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Pioneering works, modern buildings, future? Architecture that was considered sensational and innovative in the Ruhr area in the 1950s and 1970s brought about rather different reactions in the decades to follow: “What’s that big bulky building supposed to be?” Large, square, and perfectly obtrusive, they certainly aren’t loved by everyone, and yet it has become impossible to imagine the area without them.

In 2018, the European year of cultural heritage, the “Big Beautiful Buildings” project focuses on all the churches, residential settlements, cultural sites and city buildings that protrude from the Ruhr area’s landscape in their solid build, making it possible to experience the boom years’ architecture from a new perspective as a shared heritage. After all, great buildings like these are built to last. They are still there. Following my own visit there, I am about to show you my favourites among the Big Beautiful Buildings and tell you what you can do there. Think big!

The Bochum Planetarium was planned and built from 1962 to 1964, based on ideas from architect Karl-Heinz Schwarze.

Visitors can look into the stars nearly every day under the aluminium dome with a diameter of 20 metres. In addition to scientific documentaries, the planetarium is also regularly hosting music shows spanning the range from classical music to Pink Floyd to accompany the starry skies.

The Zeiss Planetarium is located on a grassy hill south of Bochum’s city park. After many other public cultural buildings were erected around the park already, the idea of adding a planetarium was born in 1960.

While eleven new ZEISS-LED projectors were installed inside in 2020, the floors, many pieces of furniture, and the wooden panels are still the originals from 1964. Cutting-edge technology meets nostalgic charisma!

The Musiktheater im Revier in Gelsenkirchen was built from 1954 to 1959, with Werner Ruhnau as the responsible architect. He planned a main building with about 1,000 seats and a stage building that comprises the main and backstage and two side stages.

This building was never meant to be strictly functional. Visual artists such as Yves Klein with his ultramarine sponge relief or Robert Adams with a distinctive white concrete relief on the forecourt contributed as well.

{:gb}Facade of the "Musiktheater im Revier" in Gelsenkirchen from a low angle view.{:}{:de}Fassade des "Musiktheater im Revier" in Gelsenkirchen aus der Froschperspektive.{:}

The theatre puts on musicals, operas, concert shows, puppet theatre, dance, and comedy, among other things. Shows take place in the Großes Haus, the Kleines Haus, and the foyer.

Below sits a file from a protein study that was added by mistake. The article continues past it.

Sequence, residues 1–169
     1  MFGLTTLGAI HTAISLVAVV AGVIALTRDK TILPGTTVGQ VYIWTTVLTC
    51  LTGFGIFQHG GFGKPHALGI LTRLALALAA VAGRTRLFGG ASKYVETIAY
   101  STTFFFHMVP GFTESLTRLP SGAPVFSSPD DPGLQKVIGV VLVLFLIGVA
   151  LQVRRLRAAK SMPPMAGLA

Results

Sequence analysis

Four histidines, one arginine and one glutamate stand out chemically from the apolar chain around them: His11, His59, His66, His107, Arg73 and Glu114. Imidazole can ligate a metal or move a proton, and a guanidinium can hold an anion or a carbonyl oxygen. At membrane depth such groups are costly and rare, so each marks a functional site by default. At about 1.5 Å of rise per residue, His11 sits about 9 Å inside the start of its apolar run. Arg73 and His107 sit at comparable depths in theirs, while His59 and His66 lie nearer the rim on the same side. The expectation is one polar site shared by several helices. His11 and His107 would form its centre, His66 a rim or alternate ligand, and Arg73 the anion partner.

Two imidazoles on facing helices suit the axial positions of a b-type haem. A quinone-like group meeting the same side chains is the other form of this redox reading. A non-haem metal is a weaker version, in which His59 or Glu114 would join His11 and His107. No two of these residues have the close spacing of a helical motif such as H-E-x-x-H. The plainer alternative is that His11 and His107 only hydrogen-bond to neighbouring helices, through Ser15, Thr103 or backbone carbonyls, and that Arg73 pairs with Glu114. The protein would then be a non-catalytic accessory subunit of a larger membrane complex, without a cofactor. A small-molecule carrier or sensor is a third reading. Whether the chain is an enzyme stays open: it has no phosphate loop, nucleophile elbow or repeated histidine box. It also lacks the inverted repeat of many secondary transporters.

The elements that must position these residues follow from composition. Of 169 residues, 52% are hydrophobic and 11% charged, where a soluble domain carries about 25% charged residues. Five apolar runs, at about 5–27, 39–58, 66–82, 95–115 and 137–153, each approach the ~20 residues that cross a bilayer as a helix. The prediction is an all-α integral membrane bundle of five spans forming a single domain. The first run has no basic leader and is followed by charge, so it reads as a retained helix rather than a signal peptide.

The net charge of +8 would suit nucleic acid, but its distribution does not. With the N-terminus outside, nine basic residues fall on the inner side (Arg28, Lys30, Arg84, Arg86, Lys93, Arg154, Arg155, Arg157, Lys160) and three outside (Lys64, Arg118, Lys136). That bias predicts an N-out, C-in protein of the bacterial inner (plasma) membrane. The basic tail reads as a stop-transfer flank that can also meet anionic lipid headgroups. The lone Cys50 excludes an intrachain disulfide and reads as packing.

Planned and built from 1955 to 1958, the Heinz Hilpert Theater by Gerhard Graubner – a member of the Stuttgart School – is located near the inner city of Lünen.

The theatre has 765 seats. Its inauguration speech was held by actor and director Heinz Hilpert, who had several shows in Lünen and after whom the theatre was eventually named.

Today, the Heinz Hilpert Theater puts on concerts, plays, dance shows, and comedy.  Its stages offer entertainment for very diverse audiences, from the Simon & Garfunkel Revival Band, to Schwanensee, to Olaf Schubert.

The sacred building of the Heilig Kreuz Kirche in Bottrop was erected from 1955 to 1957. Its construction was supervised by Rudolf Schwarz, who considered himself a church construction theorist and tried to refer to the past with his ideas while using modern materials.

The idea was a building that opens towards the congregation, the forecourt, and eventually the entire world when viewed from the altar. The 300-square-metre glass wall with the church entrances shows a gigantic spiral that symbolises eternity.

The Heilig Kreuz Kirche is no longer a church in the strict sense of the word. It was deconsecrated in 2007. The Förderverein Kulturkirche Heilig Kreuz e.V. is now in charge of preservation and use of the building.

The residential complex of the “red” Finnstadt in Dorsten was planned and built from 1969 to 1975. Deemed a perfect example of modern residential construction at the time, it still invites to a relaxed stroll between its orange facades.

The settlement designed by Finnish architects Toivo Korhonen and Lauri Sorainen was originally planned in a construction kit system. The five-floor cross-shaped terraced buildings were to be made so as to be put together arbitrarily in a grid-like structure. The actual implementation then took place conventionally after all, however.

The residences in these complexes measure between 60 and 125 square metres. Built with large, private terraces, they are meant to serve as alternatives for typical single-family homes. The settlement can be viewed free of charge at any time. Pictures should only be taken without violating the privacy of the people living here, however.

Photos & Text: Sarah Bauer (frei getextet)